## curvature of space

If, as string theory suggests, the world is made of strings, then what does that mean for a geometry of points? Find out more in this video.

Since he Universe is all there is, there's nothing for it to expand into. So what does "expansion" mean?

Following on from our previous article about curvature of lines and surfaces, we now move up to curvature of their higher dimensional equivalent โ manifolds.

Space is the stage on which physics happens. It's unaffected by what happens in it and it would still be there if everything in it disappeared. This is how we learn to think about space at school. But the idea is as novel as it is out-dated.

That geometry should be relevant to physics is no surprise โ after all, space is the arena in which physics happens. What is surprising, though, is the extent to which the geometry of space actually determines physics and just how exotic the geometric structure of our Universe appears to be. *Plus* met up with mathematician Shing-Tung Yau to find out more.

The famous mathematician Euclid is credited with being the first person to axiomatise the geometry of the world we live in - that is, to describe the geometric rules which govern it. Based on these axioms, he proved theorems - some of the earliest uses of proof in the history of mathematics.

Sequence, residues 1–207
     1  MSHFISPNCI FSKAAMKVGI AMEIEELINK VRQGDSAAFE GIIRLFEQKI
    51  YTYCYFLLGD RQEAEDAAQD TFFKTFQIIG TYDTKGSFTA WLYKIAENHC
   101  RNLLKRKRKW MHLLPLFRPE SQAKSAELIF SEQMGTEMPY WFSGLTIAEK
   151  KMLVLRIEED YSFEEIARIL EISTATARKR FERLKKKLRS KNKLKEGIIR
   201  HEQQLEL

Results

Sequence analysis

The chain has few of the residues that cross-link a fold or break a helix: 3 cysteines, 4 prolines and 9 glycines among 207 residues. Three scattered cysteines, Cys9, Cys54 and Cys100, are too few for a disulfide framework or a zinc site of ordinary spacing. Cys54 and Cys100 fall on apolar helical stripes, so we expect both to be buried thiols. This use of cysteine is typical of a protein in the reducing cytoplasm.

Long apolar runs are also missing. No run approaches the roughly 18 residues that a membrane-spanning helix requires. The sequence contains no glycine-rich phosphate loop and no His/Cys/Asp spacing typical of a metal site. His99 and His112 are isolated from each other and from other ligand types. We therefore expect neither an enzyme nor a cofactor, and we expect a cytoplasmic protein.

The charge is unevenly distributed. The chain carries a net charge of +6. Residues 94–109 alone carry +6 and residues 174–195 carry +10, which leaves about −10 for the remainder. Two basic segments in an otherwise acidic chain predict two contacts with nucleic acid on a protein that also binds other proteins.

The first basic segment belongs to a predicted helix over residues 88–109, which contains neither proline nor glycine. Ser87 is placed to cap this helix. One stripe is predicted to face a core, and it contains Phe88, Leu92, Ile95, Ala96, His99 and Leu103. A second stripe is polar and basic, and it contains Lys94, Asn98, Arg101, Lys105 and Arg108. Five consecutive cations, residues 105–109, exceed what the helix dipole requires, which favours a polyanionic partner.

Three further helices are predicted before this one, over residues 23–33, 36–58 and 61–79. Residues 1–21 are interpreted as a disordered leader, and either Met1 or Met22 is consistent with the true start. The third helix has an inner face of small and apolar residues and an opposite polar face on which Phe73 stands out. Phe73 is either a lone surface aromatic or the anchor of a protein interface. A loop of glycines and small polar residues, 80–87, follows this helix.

**Sir Martin Rees**gives

*Plus*a whistlestop tour of some of the more extraordinary features of our cosmos, and explains how lucky we are that the universe is the way it is.

**Professor Kip Thorne**shows us how to eavesdrop on these cosmic events by watching for telltale gravitational waves.

*Plus*is a special, marking the occasion of Stephen Hawking's 60th birthday. Plus attended his Birthday Conference in Cambridge, where we interviewed some of the world's most influential mathematicians and physicists.